1. By continuing to use the site, you agree to the use of cookies .This website or its third-party tools use cookies, which are necessary to its functioning and required to achieve the purposes illustrated in the cookie policy.Find out more.
    Dismiss Notice
  2. Follow Casinomeister on Twitter | Facebook | YouTube | Casinomeister.us US Residents Click here! |  Svenska Svenska | 
Dismiss Notice

Poll:Best Screenshot of the Month?



Candidates Revealed...Cast your vote!.
Dismiss Notice
REGISTER NOW!! Why? Because you can't do diddly squat without having been registered!

At the moment you have limited access to view most discussions: you can't make contact with thousands of fellow players, affiliates, casino reps, and all sorts of other riff-raff.

Registration is fast, simple and absolutely free so please, join Casinomeister here!

Poker calculation help

Discussion in 'North American Land Based Casinos' started by napoleonblackwe, Sep 6, 2010.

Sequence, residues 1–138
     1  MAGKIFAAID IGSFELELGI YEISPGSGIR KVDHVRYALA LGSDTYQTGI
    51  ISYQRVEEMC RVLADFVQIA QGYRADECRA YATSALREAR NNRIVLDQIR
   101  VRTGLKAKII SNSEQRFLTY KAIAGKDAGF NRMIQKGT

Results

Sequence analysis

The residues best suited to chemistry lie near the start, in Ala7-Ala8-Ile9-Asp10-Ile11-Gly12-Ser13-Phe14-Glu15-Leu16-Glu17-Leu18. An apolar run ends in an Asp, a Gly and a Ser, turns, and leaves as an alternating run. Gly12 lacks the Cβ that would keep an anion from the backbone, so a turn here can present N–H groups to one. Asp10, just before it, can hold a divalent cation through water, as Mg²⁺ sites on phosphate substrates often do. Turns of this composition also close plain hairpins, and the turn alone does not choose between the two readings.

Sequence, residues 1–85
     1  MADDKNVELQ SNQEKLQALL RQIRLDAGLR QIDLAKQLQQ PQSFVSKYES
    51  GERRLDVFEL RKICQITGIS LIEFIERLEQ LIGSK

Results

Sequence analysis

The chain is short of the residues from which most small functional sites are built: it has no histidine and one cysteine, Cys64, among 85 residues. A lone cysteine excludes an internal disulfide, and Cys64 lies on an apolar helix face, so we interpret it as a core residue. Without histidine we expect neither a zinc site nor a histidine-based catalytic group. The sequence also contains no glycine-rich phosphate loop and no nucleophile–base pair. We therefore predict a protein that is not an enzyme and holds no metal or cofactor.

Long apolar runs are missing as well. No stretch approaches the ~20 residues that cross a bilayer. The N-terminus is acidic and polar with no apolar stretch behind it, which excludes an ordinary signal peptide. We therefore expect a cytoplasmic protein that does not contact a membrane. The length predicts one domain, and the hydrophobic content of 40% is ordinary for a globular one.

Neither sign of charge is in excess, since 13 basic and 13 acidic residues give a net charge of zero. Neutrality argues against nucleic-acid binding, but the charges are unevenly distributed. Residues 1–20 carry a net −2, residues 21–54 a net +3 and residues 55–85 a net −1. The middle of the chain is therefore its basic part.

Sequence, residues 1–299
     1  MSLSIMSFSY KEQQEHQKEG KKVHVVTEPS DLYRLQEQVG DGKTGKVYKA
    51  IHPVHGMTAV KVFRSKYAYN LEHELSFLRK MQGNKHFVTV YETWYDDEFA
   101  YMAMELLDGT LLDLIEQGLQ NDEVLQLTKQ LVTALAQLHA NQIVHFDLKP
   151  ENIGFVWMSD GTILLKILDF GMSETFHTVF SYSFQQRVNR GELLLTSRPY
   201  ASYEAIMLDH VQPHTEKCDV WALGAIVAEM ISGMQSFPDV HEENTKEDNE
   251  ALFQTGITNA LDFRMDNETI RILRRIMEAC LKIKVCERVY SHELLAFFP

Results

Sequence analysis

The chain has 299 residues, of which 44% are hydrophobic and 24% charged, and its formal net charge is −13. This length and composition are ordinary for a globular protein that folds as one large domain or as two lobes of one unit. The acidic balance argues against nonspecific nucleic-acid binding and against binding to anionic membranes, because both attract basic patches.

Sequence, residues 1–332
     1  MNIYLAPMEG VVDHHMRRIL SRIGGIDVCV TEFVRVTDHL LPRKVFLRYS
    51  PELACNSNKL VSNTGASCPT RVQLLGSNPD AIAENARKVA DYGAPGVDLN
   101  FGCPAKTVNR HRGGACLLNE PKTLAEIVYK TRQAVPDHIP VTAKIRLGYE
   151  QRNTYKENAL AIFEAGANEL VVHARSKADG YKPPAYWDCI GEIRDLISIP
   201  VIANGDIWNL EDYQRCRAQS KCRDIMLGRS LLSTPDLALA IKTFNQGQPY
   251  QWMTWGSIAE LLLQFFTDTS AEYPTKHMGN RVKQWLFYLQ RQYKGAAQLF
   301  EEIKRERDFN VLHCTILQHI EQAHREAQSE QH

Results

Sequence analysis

Sep 6, 2010
  1. napoleonblackwe

    napoleonblackwe Dormant account

    Occupation:
    Bank manager
    Location:
    375 E. Harmon Ave Las Vegas NV
    hi guys, especially maths wizzs.

    I'm trying to develop my own strategy, something I can call my own and stick with. so, a few questions.

    How many different starting hands are there? like all poker hands, not just playable ones.

    And how do I calculate how many different hands I would play if...lets say I only played pairs, two picture cards, or suited connectors.

    If someone could give an example of how to calculate that kind of thing it would be great, as I’d love to be able to work that stuff out myself and work out an optimal % of hands played for a particular style of play.

    Thanks everyone
     
  2. Sep 6, 2010
  3. Zoozie

    Zoozie Ueber Meister CAG PABnonaccred

    Occupation:
    Software Developer
    Location:
    Denmark
    Playing poker at basic levels involves calculating "number of outs".
    You need to be able to calculate some of that stuff yourself, or simply give
    up poker...

    A good start for a new poker player is to buy the following book:
    "Theory of Poker" by Sklansky.
     

Share This Page